Helping hands to make life easier
Despite the efforts of companies in the construction industry, worksite accidents still happen. Injuries sustained can range from bone fractures to brain damage.
The Hong Kong Rehabilitation Advice and Enquiries Association is a government-registered charitable organisation established in 2005.
"The help we can provide includes visits from social workers, legal aid, counselling and psychological therapy," says community liaison director Beth Choi. "We can lend patients wheelchairs and rehabilitation equipment, and we have a rehab bus."
If injured construction workers have accommodation problems, the association can make referrals to the Housing Department.
Carmen Wu, a social worker with the group, says all their services are provided free of charge. "Patients pay a deposit for wheelchairs and rehabilitation equipment, but this is returned when the equipment is brought back. We have a small budget and lots of patients. I think the safety programme is not very good in Hong Kong."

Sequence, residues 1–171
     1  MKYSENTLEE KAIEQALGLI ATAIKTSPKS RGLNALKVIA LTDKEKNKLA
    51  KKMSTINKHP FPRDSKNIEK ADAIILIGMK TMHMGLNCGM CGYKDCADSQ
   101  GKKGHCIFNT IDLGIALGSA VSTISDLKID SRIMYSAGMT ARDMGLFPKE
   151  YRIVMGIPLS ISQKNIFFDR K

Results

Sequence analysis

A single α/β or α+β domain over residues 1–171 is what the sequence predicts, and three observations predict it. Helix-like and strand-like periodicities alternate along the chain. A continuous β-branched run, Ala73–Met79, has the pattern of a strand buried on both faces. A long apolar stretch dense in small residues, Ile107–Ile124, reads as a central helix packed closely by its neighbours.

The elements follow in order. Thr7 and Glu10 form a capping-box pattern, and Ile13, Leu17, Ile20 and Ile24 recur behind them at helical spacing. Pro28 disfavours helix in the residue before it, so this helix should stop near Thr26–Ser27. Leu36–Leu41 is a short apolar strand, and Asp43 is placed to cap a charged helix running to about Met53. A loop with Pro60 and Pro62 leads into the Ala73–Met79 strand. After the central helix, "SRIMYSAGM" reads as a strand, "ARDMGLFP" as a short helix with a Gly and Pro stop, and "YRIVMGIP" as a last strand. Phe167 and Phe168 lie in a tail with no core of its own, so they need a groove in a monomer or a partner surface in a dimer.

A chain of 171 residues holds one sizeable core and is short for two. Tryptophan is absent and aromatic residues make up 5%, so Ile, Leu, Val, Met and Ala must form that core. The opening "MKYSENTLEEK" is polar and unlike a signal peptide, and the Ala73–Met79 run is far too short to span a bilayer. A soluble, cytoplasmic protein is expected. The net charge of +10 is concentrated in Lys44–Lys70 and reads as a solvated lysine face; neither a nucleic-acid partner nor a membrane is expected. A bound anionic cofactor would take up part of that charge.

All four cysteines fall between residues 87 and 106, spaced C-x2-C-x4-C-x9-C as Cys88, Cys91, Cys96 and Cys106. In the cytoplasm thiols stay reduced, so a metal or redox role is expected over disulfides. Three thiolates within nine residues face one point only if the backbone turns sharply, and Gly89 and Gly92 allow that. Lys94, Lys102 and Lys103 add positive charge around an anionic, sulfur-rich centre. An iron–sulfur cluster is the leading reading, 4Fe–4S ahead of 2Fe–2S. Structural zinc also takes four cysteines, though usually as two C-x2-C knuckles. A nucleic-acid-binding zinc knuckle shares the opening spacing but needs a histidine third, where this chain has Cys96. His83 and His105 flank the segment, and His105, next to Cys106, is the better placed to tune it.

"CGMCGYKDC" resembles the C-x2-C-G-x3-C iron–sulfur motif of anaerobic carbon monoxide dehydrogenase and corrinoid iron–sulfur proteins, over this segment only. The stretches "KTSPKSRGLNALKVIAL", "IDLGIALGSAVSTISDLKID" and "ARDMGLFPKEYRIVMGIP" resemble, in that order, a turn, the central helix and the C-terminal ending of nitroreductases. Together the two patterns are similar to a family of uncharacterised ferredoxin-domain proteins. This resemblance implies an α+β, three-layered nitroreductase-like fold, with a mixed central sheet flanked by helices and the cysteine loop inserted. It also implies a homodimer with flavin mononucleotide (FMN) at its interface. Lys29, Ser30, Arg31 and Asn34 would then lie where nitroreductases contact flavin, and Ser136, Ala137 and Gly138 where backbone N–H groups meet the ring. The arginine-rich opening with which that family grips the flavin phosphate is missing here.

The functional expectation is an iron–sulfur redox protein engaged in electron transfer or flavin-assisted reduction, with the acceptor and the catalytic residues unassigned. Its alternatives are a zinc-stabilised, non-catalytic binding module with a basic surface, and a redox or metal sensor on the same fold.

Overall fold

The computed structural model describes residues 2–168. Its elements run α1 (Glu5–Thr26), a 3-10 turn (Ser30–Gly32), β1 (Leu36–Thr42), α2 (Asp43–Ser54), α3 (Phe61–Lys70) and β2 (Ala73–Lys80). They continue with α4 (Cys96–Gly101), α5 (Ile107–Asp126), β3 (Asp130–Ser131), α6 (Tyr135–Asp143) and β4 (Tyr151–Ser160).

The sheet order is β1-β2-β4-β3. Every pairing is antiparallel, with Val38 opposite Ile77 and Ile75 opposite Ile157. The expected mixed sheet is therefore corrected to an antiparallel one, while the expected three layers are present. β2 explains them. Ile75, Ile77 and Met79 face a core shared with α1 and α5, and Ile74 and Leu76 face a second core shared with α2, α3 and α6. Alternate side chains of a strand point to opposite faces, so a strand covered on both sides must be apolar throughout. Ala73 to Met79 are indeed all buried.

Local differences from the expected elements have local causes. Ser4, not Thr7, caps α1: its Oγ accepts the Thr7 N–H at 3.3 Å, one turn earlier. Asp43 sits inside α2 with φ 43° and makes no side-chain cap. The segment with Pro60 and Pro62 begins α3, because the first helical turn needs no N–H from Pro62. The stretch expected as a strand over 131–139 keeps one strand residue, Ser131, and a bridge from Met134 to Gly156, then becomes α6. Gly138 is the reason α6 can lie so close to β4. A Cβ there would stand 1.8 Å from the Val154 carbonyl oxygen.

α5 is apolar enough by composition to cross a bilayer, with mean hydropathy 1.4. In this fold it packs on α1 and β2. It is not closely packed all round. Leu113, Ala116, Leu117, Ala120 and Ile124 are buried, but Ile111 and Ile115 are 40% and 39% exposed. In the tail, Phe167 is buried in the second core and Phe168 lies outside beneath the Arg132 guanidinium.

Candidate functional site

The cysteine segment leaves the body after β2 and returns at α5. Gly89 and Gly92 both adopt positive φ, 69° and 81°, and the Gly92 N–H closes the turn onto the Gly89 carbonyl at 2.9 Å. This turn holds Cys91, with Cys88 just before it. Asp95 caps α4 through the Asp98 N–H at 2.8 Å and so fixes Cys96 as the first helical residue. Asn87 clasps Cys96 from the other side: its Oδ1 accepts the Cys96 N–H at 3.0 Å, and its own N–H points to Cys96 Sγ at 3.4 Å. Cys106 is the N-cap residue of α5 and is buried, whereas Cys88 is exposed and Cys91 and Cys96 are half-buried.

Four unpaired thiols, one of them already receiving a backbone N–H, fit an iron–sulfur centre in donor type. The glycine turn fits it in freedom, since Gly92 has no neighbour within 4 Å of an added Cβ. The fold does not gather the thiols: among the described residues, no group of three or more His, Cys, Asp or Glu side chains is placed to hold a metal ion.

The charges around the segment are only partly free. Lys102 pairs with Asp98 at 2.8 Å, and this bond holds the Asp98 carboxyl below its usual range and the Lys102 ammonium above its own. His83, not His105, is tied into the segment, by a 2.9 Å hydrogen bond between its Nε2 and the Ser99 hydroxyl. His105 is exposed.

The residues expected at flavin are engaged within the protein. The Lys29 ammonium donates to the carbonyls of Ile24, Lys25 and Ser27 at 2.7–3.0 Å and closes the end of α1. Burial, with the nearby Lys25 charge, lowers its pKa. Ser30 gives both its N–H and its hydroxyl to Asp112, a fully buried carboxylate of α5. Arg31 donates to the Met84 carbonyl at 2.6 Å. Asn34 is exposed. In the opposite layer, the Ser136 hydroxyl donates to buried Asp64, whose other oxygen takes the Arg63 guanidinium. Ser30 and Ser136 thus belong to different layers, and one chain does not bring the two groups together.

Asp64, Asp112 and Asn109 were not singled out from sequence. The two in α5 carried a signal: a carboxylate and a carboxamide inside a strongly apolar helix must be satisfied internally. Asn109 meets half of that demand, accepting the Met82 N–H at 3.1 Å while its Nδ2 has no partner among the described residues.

Wu acknowledges that within the construction industry, many businesses have implemented rigorous health and safety policies, and employees are less at risk.
"They have to do their exercise before starting work, and they have to read up on the safety regulations. But not all the companies are like this," she says.
"In Hong Kong, time is money. If the construction company has to hurry to finish the work, then they hurry and they are not so concerned about safety."
Wu thinks construction workers' wage structure places them under additional pressure, which exacerbates health and safety problems. "Some patients I see have only a day-based salary. On Sundays, they have no money. And when working, they only get several hundred dollars a day," she says. Being paid by the day means they are not entitled to any benefits.
Wu does, however, think the level of compensation payments for injured workers is acceptable. "A worker can get compensation quite easily," she says, adding that someone who is injured at work is entitled to a maximum of 24 months sick leave and will get 80 per cent of his salary a month.